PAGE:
Recognition: To work with something we first have to recognize that it exists. Stopping and paying attention helps us to recognize what is. For example, we may recognize a part of us that is wounded, and we may also recognize a part of us that might be called the “inner critic,” the part that is saying, “you should” or “you ought to” or “you need to.”

Acceptance: Once we recognize that something exists, we then can fully acknowledge its existence and allow ourselves to open up to it from the heart in a nonjudgmental way. Acceptance does not mean approval but simply acknowledgment that this is the way it is. In the example above we would then make space for both the part of us that is wounded and the part that is the inner critic, without preference for one or the other, giving both acknowledgment and acceptance.

Investigation: Once we have recognized and accepted something, then we are in a position to be able to investigate it. Investigation can be a slow and gentle process, handled with patience, and cultivated by awareness of the interrelationships of our thoughts, emotions and body sensations. Again in the example above we can give presence for both the wounded part and the inner critic, allowing both to be “heard” in their own time. To heal does not mean “to cure,” but rather “to make whole.” Giving an impartial voice to all parts of our inner world that need to be heard allows us to heal.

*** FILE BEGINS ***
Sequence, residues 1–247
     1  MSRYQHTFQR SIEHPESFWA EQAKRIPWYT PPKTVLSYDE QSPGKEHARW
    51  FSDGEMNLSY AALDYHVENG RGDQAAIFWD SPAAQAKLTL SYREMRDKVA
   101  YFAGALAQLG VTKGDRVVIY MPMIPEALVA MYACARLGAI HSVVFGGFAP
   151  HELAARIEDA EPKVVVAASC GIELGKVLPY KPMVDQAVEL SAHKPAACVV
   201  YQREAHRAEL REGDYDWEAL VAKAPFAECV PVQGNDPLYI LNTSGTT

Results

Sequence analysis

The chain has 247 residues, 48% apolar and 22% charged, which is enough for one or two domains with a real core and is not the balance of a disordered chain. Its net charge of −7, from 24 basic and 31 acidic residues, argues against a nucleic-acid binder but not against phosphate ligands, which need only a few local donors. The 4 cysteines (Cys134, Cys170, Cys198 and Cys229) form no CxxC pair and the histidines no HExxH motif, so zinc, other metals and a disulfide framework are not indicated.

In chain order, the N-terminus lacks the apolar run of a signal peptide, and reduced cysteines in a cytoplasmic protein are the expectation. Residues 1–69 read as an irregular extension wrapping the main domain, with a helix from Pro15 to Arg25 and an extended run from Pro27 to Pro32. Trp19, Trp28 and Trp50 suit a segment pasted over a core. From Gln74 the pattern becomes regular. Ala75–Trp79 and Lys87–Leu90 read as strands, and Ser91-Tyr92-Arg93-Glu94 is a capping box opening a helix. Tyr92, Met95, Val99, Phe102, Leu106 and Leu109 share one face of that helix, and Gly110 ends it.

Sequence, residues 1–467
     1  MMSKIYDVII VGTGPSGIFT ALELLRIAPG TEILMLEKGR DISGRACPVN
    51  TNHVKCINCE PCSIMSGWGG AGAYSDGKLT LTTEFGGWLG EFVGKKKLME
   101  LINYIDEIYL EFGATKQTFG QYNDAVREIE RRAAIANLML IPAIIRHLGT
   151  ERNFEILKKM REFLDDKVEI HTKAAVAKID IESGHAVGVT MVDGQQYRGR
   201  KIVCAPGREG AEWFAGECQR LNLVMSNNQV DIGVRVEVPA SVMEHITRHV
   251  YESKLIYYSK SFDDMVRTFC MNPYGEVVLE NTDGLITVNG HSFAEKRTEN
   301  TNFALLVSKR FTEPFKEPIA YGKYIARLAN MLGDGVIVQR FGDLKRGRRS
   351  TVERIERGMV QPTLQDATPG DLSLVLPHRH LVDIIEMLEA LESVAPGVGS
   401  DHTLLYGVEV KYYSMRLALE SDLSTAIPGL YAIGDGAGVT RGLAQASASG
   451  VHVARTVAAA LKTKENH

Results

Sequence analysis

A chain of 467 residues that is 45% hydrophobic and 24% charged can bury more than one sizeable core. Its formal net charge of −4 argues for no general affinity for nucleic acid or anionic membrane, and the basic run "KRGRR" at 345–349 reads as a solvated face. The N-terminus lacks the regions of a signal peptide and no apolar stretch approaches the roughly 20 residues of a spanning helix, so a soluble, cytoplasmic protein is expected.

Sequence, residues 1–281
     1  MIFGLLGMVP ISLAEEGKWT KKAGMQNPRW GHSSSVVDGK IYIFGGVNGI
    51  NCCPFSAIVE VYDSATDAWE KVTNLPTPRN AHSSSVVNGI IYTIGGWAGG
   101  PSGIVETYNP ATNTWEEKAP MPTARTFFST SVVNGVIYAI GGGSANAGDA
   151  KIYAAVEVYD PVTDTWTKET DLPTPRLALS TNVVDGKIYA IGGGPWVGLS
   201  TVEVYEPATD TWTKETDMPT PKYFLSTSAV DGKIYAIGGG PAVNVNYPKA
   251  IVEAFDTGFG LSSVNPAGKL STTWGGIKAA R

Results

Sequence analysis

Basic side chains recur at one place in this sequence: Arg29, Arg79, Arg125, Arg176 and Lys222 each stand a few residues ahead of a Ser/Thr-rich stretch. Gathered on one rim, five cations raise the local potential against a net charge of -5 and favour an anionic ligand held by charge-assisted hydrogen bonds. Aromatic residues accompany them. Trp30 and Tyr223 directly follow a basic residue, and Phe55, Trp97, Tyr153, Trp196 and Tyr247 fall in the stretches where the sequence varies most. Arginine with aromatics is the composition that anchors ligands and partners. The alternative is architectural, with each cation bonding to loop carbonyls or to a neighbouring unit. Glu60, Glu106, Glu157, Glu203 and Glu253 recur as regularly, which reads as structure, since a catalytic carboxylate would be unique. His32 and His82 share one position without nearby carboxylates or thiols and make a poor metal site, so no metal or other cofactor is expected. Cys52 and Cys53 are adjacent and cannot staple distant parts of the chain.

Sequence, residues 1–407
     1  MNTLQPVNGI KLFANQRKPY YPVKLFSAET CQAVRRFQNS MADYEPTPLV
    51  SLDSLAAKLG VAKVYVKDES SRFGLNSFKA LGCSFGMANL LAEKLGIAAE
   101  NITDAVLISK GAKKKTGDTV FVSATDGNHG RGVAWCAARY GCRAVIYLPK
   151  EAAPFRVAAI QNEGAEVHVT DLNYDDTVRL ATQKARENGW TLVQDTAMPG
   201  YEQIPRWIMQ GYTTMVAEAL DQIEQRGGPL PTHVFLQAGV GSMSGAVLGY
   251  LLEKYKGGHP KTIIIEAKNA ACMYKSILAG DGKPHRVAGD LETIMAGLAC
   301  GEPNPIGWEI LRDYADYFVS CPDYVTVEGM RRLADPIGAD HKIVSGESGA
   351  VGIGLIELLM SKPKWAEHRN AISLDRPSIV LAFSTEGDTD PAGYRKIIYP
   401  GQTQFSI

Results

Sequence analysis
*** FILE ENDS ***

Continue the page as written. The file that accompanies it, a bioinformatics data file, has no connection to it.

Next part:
Non-identification: There is much more to us than anything we are presently working with. When we can step out of identifying with something in our inner world, we can more effectively give it presence. Thus, when something comes up, we neither identify with it nor dissociate from it but rather give it our full attention with impartial awareness. How we use language is very important here: We avoid saying, for example, “I am useless” in favor of saying “a part of me wants to say that I am useless.” Or instead of “I am hurt” we could say, “I am noticing a feeling of being hurt.” Our thinking mind may not notice much difference, but our emotional mind contained deep within the brain (the limbic system) really takes such things to heart without our realizing it.